Wellbeing and its importance for learning

Well being comprises of two main elements: feeling good and functioning well. Feelings of happiness, contentment, enjoyment, curiosity and engagement are characteristics of someone who has a positive experience in life. (Aked, Marks, Cordon, Thompson, 2008).

The Middle School implemented a wellness programme last year focusing on various aspects of well being deemed important by the Heads of House. This year the Senior School Heads of House with support of House tutors have also implemented a wellness programme and the first term has focused on stress and coping. All of these sessions have an underlying theme of wellness and the benefits of well being. The evidence is very clear that well being of students can significantly impact and improve their learning. The sessions have been developed in a way to promote awareness of well being and to allow students to think and reflect on how wellness can improve their learning. This links to our Schools values of Thriving and Belonging and Cultivating a Passion in and for life. Each House participates in the same programme. Archer House has also developed some key values that promote wellbeing and allow students to consider how to improve their learning by developing strategies that focus on wellness.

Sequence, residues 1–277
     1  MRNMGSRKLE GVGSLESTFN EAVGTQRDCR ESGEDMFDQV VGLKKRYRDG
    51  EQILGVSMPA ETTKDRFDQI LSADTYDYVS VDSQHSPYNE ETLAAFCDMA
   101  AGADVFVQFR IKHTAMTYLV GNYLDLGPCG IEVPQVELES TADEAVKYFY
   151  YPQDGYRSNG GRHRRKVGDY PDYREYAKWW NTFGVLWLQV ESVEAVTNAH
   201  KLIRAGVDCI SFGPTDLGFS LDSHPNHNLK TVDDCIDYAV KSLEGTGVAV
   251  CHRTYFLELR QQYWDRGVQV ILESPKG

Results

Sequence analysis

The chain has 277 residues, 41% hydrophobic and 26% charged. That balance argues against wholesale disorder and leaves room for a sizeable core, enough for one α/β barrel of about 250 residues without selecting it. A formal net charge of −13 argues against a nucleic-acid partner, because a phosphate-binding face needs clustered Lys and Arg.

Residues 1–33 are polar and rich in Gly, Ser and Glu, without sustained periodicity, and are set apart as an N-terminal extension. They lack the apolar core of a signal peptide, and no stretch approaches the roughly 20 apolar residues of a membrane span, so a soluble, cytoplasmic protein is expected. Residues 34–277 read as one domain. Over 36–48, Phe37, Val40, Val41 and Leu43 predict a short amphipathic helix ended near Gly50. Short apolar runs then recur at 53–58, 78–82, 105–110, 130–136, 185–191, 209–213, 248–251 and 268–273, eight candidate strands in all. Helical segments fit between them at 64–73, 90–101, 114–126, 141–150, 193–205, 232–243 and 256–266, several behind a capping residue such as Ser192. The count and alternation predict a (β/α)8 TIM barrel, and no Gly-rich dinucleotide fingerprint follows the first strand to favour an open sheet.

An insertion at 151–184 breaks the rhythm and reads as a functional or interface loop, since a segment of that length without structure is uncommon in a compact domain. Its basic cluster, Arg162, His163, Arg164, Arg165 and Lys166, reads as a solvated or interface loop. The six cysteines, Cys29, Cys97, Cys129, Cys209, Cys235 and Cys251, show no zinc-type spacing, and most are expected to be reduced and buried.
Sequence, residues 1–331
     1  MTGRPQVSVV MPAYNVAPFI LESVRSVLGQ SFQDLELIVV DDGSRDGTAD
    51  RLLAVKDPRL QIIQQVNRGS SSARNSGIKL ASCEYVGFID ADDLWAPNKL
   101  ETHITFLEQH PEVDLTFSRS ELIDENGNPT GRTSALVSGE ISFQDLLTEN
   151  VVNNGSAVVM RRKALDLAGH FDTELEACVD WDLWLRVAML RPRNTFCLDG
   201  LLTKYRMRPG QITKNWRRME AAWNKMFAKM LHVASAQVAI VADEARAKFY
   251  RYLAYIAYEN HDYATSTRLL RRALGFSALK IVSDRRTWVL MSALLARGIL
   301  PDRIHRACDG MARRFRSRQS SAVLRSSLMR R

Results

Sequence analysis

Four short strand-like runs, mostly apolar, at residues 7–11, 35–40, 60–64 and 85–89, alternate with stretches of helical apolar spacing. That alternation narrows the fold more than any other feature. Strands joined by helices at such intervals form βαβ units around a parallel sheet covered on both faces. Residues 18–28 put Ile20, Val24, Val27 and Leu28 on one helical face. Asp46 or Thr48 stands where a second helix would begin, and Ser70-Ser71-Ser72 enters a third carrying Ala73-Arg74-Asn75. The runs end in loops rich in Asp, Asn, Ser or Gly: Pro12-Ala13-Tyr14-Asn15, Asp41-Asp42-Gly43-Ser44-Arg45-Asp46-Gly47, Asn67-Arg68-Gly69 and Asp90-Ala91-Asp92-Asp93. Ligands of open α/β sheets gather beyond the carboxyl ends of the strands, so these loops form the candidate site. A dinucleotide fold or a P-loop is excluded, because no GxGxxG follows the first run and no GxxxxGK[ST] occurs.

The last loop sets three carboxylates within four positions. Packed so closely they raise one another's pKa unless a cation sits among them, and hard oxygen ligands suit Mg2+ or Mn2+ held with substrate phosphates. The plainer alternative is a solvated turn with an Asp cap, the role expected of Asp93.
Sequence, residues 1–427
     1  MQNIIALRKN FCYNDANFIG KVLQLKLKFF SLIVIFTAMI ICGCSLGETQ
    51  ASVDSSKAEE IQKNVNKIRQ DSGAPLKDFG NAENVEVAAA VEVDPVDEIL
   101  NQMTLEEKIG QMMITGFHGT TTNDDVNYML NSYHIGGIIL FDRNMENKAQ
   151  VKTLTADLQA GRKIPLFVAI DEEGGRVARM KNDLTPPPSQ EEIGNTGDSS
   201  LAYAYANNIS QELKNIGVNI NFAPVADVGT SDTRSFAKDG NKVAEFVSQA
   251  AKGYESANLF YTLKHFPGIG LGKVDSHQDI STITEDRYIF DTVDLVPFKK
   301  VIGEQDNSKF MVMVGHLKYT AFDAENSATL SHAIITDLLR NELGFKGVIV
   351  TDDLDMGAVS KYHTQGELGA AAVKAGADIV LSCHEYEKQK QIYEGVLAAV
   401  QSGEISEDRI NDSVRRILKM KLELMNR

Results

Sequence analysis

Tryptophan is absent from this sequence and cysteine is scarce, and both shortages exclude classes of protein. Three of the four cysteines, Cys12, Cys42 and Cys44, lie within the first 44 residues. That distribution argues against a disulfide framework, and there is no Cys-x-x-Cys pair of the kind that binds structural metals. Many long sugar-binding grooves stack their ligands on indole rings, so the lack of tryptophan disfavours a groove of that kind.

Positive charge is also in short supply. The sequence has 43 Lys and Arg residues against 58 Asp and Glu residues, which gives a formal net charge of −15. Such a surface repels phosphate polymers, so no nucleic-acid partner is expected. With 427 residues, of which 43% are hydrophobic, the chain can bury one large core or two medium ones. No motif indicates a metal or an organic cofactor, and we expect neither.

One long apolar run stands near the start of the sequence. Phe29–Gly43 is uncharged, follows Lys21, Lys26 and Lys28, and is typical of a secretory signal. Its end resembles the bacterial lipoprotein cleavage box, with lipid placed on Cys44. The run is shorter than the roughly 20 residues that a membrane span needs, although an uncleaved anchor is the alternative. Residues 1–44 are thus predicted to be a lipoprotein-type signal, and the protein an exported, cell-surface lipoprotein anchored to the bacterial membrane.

The nef, one of the UK’s leading think tanks in promoting social, economic and and environmental justice found through the foresight project there are 5 ways to well being. The project found that following these five actions in our day-today lives is important for well being: